Contrary to popular claims, wild yam roots do not contain and are not converted into progesterone or dehydroepiandrosterone (DHEA) in the body.11 , 12 Pharmaceutical progesterone is made from wild yam using a chemical conversion process. This can lead to confusion—while wild yam can be a source of progesterone, it cannot be used without this pharmaceutical conversion, which cannot be duplicated by the body. Women who require progesterone should consult with their physician and not rely on wild yam supplements.
How to Use It
Up to 2–3 ml of wild yam tincture can be taken three to four times per day. Alternatively, 1 gram of dried, powdered root can be taken three times each day.13
Interactions with Supplements, Foods, & Other Compounds
Interactions with Medicines
Some people may experience nausea or vomiting when taking large amounts of wild yam (several times the recommended amounts). The safety of wild yam during pregnancy and breast feeding has not been established.
1. Lust JB. The Herb Book. New York: Bantam Books, 1974, 401.
2. Araghiniknam M, Chung S, Nelson-White T, et al. Antioxidant activity of dioscorea and dehydroepiandrosterone (DHEA) in older humans. Life Sci 1996;11:147–57.
3. Crawford AM. The Herbal Menopause Book. Freedom, CA: Crossing Press, 1996.
4. Hudson TS, Standish L, Breed C, et al. Clinical and endocrinological effects of a menopausal botanical formula. J Naturopathic Med 1997;7(1):73–7.
5. Hirata JD, Swiersz LM, Zell B, et al. Does dong quai have estrogenic effects in postmenopausal women? A double-blind, placebo-controlled trial. Fertil Steril 1997;68:981–6.
6. Nestel PJ, Pomeroy S, Kay S, et al. Isoflavones from red clover improve systemic arterial compliance but not plasma lipids in menopausal women. J Clin Endocrinol Metab 1999;84:895–8.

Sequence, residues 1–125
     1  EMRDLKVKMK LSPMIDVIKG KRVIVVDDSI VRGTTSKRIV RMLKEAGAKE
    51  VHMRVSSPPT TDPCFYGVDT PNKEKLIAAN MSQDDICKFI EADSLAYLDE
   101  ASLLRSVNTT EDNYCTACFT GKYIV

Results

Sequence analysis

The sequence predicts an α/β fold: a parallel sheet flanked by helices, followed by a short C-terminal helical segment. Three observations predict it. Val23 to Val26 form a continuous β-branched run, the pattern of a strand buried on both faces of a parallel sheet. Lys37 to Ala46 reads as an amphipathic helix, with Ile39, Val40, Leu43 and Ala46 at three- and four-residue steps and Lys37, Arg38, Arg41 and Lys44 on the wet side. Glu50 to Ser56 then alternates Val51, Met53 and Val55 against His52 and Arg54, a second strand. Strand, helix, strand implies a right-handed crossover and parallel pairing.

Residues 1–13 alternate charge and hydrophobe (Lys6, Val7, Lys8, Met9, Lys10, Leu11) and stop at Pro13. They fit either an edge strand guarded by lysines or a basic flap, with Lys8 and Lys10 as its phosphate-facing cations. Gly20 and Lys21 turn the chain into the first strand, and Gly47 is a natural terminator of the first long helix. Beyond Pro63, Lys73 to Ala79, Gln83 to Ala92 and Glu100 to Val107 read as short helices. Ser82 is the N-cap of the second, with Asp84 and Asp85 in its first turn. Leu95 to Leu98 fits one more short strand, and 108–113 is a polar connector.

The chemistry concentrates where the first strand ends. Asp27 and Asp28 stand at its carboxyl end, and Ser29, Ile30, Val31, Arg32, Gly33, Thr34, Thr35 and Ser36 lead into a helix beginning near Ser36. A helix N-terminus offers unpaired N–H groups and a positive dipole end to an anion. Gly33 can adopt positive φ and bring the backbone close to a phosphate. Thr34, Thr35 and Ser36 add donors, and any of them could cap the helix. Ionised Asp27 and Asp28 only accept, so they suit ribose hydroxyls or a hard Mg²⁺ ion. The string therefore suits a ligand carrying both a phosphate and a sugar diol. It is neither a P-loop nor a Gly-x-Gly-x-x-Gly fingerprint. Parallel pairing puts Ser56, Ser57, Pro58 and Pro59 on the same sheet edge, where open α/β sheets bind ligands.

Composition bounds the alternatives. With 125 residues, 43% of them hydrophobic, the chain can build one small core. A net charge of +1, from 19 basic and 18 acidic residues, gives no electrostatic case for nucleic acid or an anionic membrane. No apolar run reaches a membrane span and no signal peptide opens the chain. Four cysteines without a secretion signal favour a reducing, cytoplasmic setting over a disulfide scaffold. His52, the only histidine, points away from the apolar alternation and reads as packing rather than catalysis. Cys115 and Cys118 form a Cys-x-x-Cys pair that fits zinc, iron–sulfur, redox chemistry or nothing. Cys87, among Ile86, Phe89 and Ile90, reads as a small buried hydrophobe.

7. Tice JA, Ettinger B, Ensrud K, et al. Phytoestrogen supplements for the treatment of hot flashes: the Isoflavone Clover Extract (ICE) Study: a randomized controlled trial. JAMA 2003;290:207–14.
8. van de Weijer PHM, Barentsen R. Isoflavones from red clover (Promensil®) significantly reduce menopausal hot flush symptoms compared with placebo. Maturitas 2002;42:187–93.
9. Iwu MM, Okunji CO, Ohiaeri GO, et al. Hypoglycaemic activity of dioscoretine from tubers of Dioscorea dumetorum in normal and alloxan diabetic rabbits. Planta Med 1990;56:264–7.
10. Araghiniknam M, Chung S, Nelson-White T, et al. Antioxidant activity of dioscorea and dehydroepiandrosterone (DHEA) in older humans. Life Sci 1996;11:147–57.
11. Araghiniknam M, Chung S, Nelson-White T, et al. Antioxidant activity of dioscorea and dehydroepiandrosterone (DHEA) in older humans. Life Sci 1996;11:147–57.
12. Dollbaum CM. Lab analyses of salivary DHEA and progesterone following ingestion of yam-containing products. Townsend Letter for Doctors and Patients Oct 1995:104.
13. Bertram T. Encyclopedia of Herbal Medicine. Dorset, England: Grace Publishers, 1995, 454.
Last Review: 08-17-2011